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 Auditors and Oversight…A Local Perspective

By Ann-Marie Hogan, City Auditor, City of Berkeley  (January, 2002)

“Auditor takes the fifth” said the headline; a partner in a major accounting firm was refusing to testify as to whether the auditors had colluded with Enron management in presenting misleading financial information to the public.

Refusing to testify seems startling because the whole purpose of having an audit of a company’s financial statements is to ensure that information that management might prefer not to disclose is, in fact, disclosed.  A Certified Public Accountant, regardless of where he or she is employed, owes allegiance to the general public.  This is why, in most states,  ‘attorney-client privilege” exists for lawyers, but not for accountants. 

Why audit?

The annual independent financial audit is primarily for the protection of the stockholders of publicly traded companies.  Cities and counties have similar requirements. These audits, and the auditors who conduct them, are required to adhere to specific professional audit standards, the most critical of which is independence from the audited entity.

Threats to independence include conflict of interest (i.e. an auditor can’t own stock in the audited entity) as well as the potential for undue influence on the auditor from the auditee (censorship of the auditor’s reports).  Existing audit standards for government and corporate audits have a serious weakness: they ignore the “undue influence” created when the commercial accounting firm enters into lucrative consulting contracts with the auditee.  Attempts to rectify this have been successfully beaten back by lobbyists for the commercial auditing firms in the past, but Senator Barbara Boxer is now calling for such legislation.  Local government auditors, many of whom have advocated closing this loophole for years, will be watching this one closely.

What about cities?

For local governments and school districts, the annual external financial audit also aims to “provide assurance” that management does not “materially misstate” the financial statements.  Whether you are an investor in municipal bonds, a taxpayer, or a Council member,  you need assurance that the city’s accounting reports are reliable.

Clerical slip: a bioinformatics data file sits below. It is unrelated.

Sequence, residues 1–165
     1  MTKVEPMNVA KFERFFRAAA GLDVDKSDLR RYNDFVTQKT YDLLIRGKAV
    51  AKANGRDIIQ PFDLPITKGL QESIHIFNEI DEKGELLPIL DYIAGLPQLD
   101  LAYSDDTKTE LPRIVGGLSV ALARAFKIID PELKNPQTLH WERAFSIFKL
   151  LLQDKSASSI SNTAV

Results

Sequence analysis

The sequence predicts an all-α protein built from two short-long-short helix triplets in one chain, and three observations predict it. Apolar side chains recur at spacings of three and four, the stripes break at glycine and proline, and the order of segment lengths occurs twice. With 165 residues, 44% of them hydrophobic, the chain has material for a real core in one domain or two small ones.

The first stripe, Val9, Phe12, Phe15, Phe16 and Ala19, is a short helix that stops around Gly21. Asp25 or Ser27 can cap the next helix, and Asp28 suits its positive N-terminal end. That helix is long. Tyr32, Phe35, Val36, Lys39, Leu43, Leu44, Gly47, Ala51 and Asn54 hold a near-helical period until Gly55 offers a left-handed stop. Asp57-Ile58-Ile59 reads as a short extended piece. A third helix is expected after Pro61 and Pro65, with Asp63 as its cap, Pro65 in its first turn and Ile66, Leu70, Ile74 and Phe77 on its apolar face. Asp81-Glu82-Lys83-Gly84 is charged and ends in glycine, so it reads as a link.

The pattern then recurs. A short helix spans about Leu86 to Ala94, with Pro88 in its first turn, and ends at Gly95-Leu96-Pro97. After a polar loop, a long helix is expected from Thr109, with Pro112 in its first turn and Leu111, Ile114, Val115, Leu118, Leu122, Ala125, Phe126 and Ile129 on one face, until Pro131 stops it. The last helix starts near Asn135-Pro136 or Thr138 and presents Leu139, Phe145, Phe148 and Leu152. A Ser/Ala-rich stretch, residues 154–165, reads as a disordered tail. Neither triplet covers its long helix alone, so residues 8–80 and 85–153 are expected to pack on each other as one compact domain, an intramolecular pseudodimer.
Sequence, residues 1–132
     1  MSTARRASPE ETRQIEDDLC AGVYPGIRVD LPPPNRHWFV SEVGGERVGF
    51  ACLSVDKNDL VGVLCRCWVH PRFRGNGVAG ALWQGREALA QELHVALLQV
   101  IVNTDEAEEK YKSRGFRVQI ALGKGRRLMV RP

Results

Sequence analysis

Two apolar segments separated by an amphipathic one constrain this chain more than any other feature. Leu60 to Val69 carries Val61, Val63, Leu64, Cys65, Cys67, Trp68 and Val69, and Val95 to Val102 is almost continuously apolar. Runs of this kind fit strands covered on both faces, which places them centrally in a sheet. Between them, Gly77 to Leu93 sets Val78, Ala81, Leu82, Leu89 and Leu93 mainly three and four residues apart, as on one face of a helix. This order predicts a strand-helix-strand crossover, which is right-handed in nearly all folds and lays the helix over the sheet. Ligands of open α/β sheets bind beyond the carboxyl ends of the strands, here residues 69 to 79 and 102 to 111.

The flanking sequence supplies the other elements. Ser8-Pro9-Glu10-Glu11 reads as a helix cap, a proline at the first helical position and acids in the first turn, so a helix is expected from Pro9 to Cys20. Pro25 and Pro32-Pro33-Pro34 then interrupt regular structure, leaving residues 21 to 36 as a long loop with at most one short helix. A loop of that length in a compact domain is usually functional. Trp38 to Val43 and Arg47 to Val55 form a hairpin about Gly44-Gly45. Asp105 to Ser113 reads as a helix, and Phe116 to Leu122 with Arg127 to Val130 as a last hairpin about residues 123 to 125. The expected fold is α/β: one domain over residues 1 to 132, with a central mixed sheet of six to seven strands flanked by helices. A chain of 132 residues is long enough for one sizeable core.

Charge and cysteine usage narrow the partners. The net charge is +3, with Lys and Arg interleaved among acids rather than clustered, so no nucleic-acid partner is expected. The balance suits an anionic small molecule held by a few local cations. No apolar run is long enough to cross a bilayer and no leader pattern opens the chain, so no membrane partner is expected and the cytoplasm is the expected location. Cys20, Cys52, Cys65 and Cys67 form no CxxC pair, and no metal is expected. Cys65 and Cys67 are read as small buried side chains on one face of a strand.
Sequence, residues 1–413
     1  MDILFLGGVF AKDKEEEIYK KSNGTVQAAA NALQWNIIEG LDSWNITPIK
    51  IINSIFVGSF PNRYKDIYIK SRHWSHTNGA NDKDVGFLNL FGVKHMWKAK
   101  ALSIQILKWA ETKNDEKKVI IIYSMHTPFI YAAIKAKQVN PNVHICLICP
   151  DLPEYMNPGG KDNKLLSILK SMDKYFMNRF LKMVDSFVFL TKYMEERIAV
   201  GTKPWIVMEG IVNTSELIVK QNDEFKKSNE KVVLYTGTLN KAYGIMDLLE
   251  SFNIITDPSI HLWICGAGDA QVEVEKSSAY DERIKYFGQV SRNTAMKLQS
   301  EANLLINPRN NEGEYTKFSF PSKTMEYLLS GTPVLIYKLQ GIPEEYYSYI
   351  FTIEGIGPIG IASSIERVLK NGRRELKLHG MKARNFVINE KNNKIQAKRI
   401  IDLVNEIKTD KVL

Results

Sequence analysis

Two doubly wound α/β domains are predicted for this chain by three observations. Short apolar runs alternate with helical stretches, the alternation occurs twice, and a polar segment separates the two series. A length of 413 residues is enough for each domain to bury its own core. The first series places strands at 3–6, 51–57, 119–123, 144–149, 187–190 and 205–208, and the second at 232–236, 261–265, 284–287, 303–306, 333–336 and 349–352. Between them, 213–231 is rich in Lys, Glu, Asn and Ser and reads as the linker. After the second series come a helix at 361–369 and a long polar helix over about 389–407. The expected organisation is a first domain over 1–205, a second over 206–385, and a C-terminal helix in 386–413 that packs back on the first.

The audit firm is also required to provide an annual Management Letter, which highlights any weaknesses in the entity’s practices and procedures which might affect the financial statements, if weaknesses have come to the firm’s attention in the course of the financial audit.

The risk for financial audits is that the auditors may fail to disclose inaccuracies in the financial statements or weaknesses in the financial and management control systems.  This could be cause by lack of professional care; the more significant risk is that the auditors could paint an overly rosy picture of the finances out of fear of offending management (and losing future  audit contracts).

In most jurisdictions, the relationship with the outside audit firm is primarily handled by the Finance Department.  In other jurisdictions, such as Palo Alto, the competitive solicitation process, as well the day-to-day contact with the firm during the audit, is overseen by the City Auditor. This provides some measure of independence from the City Manager, as the Palo Alto City Auditor reports to the City Council.

The authors of the City Charter for the City of Berkeley recognized the need for additional oversight of the external audit by specifically providing that the contract for the annual financial statement audit is initiated by the Mayor.  Notably, this is the only additional power provided to the Mayor by Charter, other than to preside over Council meetings, since the Charter describes a City Manager form of government.  As a practical matter, representatives from Finance, City Manager, and the City Auditor meet with the Mayor about bidding the audit contract, as well as reviewing the results and the Management Letter.  And, no, the outside audit firm does not generally have other substantial contracts with the City.   It does seem interesting that, early in the previous century, the authors of the Charter felt that adding this additional level of oversight for the outside auditors was necessary.

Ann-Marie Hogan was elected City Auditor of Berkeley in December, 1994.

Questions? Comments? Ideas for the Audit Plan?  Please e-mail the City Auditor at hogan@ci.berkeley.ca.us,  mail to 12180 Milvia Street, 3rd floor, 94704.  Audit reports available on line at ci.berkeley.ca.us/Auditor.


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2180 Milvia Street, Third Floor
Berkeley, CA 94704

(510) 981-6750
Email: auditor@ci.berkeley.ca.us